Cosine theorem on the sphere

The cosine theorem on a sphere is an interesting relation that holds for a spherical triangle. One of it’s main applications is the computation of the air distance between two geographical points given by their latitude – longitude coordinates (I’ll show how in the next post).

Consider the spherical triangle NA'B' (see figure). The cosine theorem express a relation between the angles a, b, c and u which I’ll prove with basic geometry knowledge.

First of all note that AN and BN have nothing to do with the problem, they are just an auxiliary construction used for the proof. So first look only at the sphere and ignore AA', AN, B'B, BN, AB.

Then let’s consider AN the tangent to the arc A'N in the point N, and BN, the tangent to the arc B'N in the point N. Thus we’ll have AN||A''O and BN||B''O.
To prove the spherical cosine theorem the length of the segment AB can be written in two different ways: using cosine theorem in the triangle NAB and using cosine theorem in the triangle OAB.

Note that OAN is a right triangle(N being the right angle) because AN is a tangent to the sphere. Thus AN = R \cdot tg(a)  and OA = \frac{R}{ cos(a)}. Note that ON=R. Take it slowly to understand it, and make sure you visualise correctly the 3D figure :).  (*)

Same for triangle OBN we get: BN = R \cdot tg(b) and OB = \frac{R}{cos(b)}. (**)

From the cosine theorem in triangle OAB we get:
AB^2 = OA^2 + OB^2 - 2 \cdot OA \cdot OB \cdot cos(c)

Note that the angle ANB is u. From generalised cosine theorem in NAB we get:
AB^2 = NA^2 + NB^2 -2 \cdot NA \cdot NB \cdot cos(u)

It follows that: OA^2 + OB^2 - 2 \cdot OA \cdot OB \cdot cos(c) = NA^2 + NB^2 -2 \cdot NA \cdot NB \cdot cos(u)

Replacing with the values computed in (*) and (**) leads to:

\left(\frac{R}{cos(a)}\right)^2+\left(\frac{R}{cos(b)}\right)^2-2 \cdot \frac{R^2 \cdot cos(c)}{cos(a) \cdot cos(b)} =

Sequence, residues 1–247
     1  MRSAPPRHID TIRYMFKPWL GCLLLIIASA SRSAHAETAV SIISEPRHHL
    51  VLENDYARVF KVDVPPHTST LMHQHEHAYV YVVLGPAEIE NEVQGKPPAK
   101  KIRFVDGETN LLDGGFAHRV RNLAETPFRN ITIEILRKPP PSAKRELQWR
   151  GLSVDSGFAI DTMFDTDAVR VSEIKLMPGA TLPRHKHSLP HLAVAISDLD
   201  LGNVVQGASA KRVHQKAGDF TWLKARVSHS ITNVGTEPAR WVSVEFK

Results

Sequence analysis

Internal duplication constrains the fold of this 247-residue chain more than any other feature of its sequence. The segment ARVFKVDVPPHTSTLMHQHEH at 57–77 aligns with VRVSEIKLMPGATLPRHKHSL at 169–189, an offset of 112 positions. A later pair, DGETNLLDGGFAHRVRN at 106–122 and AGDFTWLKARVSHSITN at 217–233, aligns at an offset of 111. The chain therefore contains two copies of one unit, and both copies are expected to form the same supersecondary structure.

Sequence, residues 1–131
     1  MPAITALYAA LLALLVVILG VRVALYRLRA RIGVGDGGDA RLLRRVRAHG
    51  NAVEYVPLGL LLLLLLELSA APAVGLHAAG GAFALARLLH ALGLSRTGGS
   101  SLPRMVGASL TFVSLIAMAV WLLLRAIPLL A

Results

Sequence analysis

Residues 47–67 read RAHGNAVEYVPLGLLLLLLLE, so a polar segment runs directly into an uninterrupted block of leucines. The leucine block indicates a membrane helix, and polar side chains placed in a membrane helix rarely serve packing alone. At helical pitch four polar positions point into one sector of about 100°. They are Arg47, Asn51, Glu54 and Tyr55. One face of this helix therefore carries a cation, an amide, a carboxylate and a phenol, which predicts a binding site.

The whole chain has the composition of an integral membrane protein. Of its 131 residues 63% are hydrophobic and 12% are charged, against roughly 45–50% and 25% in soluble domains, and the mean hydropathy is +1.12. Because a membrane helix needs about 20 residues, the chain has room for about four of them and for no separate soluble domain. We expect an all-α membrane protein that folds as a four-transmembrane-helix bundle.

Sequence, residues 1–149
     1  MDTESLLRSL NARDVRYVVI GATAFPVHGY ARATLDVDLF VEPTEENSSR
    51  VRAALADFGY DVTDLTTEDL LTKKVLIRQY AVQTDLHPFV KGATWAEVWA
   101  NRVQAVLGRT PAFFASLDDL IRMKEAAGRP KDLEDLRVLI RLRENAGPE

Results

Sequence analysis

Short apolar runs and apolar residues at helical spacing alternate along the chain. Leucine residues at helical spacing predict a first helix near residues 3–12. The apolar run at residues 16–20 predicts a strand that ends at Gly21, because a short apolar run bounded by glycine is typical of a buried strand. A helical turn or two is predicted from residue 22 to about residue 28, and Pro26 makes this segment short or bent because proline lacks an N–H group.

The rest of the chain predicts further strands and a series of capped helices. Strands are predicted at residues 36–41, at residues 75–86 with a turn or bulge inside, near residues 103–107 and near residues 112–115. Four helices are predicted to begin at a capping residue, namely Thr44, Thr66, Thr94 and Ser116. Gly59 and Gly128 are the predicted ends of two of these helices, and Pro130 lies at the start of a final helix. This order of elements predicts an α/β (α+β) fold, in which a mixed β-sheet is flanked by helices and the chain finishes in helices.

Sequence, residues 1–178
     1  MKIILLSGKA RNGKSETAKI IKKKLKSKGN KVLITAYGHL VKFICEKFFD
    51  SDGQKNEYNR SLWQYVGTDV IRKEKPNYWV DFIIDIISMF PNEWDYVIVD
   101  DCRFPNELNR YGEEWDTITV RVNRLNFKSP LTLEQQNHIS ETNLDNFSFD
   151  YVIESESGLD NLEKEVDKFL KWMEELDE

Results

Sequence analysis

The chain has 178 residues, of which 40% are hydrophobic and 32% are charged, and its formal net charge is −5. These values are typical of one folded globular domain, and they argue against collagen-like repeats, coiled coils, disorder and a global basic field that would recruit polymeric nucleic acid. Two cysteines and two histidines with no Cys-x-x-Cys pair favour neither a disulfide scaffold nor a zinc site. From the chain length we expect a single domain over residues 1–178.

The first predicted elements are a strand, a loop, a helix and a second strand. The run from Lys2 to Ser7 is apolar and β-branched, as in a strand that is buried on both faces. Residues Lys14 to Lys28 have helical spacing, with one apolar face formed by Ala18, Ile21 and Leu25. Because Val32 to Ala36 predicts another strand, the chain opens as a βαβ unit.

\left(\frac{R \cdot sin(a)}{cos(a)}\right)^2+\left(\frac{R \cdot sin(b)}{cos(b)}\right)^2-2 \cdot \frac{R^2 \cdot sin(a) \cdot sin(b) \cdot cos(u)}{cos(a) \cdot cos(b)}

Now add the fractions on both sides of the equality by making them have the same denominator, and divide both sides by R^2:
cos(b)^2 + cos(a)^2 - 2 \cdot cos(a) \cdot cos(b) \cdot cos(c)=sin(a)^2 \cdot cos(b)^2 + sin(b)^2 \cdot cos(a)^2 - 2 \cdot sin(a) \cdot sin(b) \cdot cos(a) \cdot cos(b) \cdot cos(u) (***)

Because cos(x)^2+sin(x)^2=1 for every x:

cos(b)^2 - sin(a)^2 \cdot cos(b)^2 = cos(a)^2 \cdot cos(b)^2 and cos(a)^2 - sin(b)^2 \cdot cos(a)^2 = cos(a)^2 \cdot cos(b)^2

Then (***) become:

cos(a)^2 \cdot cos(b)^2 + cos(a)^2 \cdot cos(b)^2 - 2 \cdot cos(a) \cdot cos(b) \cdot cos(c)=-2 \cdot sin(a) \cdot sin(b) \cdot cos(a) \cdot cos(b) \cdot cos(u)

By dividing with 2 \cdot cos(a) \cdot cos (b) we get:

cos(a) \cdot cos(b) - cos(c) = -sin(a) \cdot sin(b) \cdot cos(u)  that can be written in a final form as:

cos(a)cos(b) + sin(a)sin(b)cos(u) = cos(c)

A remarkable thing is that when u is a right angle, cos(u)=0, and we get the Pithagora theorem on the sphere:

cos(a)cos(b) = cos(c)

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2 Responses to Cosine theorem on the sphere

  1. Pingback: Dirichlet’s Theorem and Liouville’s Extension of Dirichlet’s Theorem | Gaurav Happy Tiwari

  2. Pingback: Air distance | AlfaNotes

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